Tucson’s future: Food Oasis in the Sonoran Desert

The April Never Too Late newsletter features an article on the potential to re-create Tucson as a  network of Neighborhood Food Parks with our renewable rainfall.

Read the full article here.  

Re-creating Tucson as a network of Desert-adapted Food Parks

Let’s start with some facts.

Food Forest 2000-year-old in Morocco w- textThe farther rain is harvested from where it falls, the less there is.  If you harvest rain at the edge of a roof or road, you can get about 5.5 gallons per square foot in our average year (that’s before Global Climate Change).  If you wait until it gets to our rivers – the only places there is enough water to soak all the way down to our aquifers – you can get about 2 oz.

Why do we care?  Because harvesting and using the 98% or our rain that we currently lose or poorly use will require that we re-create Tucson as an Oasis in the Sonoran Desert.  We will have to transform our neighborhoods into parks.  And turn the whole city into a shady, rain-watered, edible urban forest.

Tough.  And we’ll have to create thousands of jobs for desert arborists, landscapers, harvesters and food producers.  Double tough.

Worst of all, if we turn our neighborhoods into shady places where several million rain-watered trees and shrubs are planted so they slow traffic and make our streets safe and quiet and beautiful, then people might…

  • actually want to get out and walk and bike and get exercise
  • meet their neighbors at neighborhood gathering spots where community gardens are planted
  • have places for their kids and grand kids to play safely
  • see what neighbors are offering or asking at neighborhood message boards, or exchange books and toys at neighborhood exchange kiosks
  • … get together with friends they don’t currently know, but who will become friends.

All kidding aside, if we make maximum use of our water, we can re-create Tucson as a network

Walkable neighborhood - Tucson Barrio Santa Rosa

of Neighborhood Food Parks that turn Tucson into a desert-adapted community that is much more resilient, healthy and better adapted for Global Climate Change.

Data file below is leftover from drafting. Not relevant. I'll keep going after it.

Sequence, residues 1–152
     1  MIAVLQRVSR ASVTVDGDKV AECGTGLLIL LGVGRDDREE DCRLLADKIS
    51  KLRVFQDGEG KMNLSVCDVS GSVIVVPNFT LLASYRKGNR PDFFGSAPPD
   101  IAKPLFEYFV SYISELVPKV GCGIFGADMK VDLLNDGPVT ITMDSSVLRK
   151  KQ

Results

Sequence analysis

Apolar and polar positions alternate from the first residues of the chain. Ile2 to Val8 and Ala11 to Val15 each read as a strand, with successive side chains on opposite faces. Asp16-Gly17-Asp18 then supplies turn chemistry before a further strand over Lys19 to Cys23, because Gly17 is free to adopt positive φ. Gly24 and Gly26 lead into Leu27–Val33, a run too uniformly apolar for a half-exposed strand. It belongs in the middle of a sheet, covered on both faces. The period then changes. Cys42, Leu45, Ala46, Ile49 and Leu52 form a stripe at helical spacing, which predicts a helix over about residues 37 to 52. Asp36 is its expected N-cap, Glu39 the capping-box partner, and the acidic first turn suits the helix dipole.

It will also enable us to create the social networks that will bring our graying population (the
“silver tsunami”) together with people of all ages.  Without this, there are few opportunities to give back to our younger generations or to create the mutual support that will allow us all to face together what is coming our way.

I am currently developing the Feeding Tucson project for the Pima County Food Alliance and Sustainable Tucson.  It is an assessment of Tucson’s potential to create a secure food supply based on our renewable rainfall.  This will support their goals of helping create a complete, local food system for Tucson and a sustainable and resilient community for us all.

Your support is important so I can spend the next 6 months researching and organizing the Feeding Tucson project.  Please visit <StartSomeGood.org/FeedingTucson> to find out more.  And join the Feeding Tucson Champions’ Network <FeedingTucson.org> to help create a secure, nutritious, and beautiful food supply for Tucson.

Tres English

Feeding Tucson project

Tres@FeedingTucson.org

3 thoughts on “Tucson’s future: Food Oasis in the Sonoran Desert”

  1. How right you are, Richard. Check back in the next couple of days. You should be able to add food resources to the Food Resources Map.

    FYI – In my calculations of our food potential, I am temporarily using 1000# of pods per acre with our average rain. With limited supplemental irrigation for drought periods, we should be able to maintain at least this level of production.

    At this level, we could probably count on 1/4 billion pounds of mesquite beans per year. That’s hundreds of pounds per person.

  2. We can grow food anywhere that we can harvest rain. Mesquites, prickly pears, chollas, agaves, and sotol can all provide us with food. Once we produce the food, we simply have to be able to process and store it. Processing mesquite pods, for example, requires grinding or milling them. Rather than wait until November, we could mill mesquite anytime between July and November. Let’s do some milling in July and create the first press to provide us with pancakes without having to wait until November – sort of like the mesquite nouveau, so to speak!

    Richard Roati

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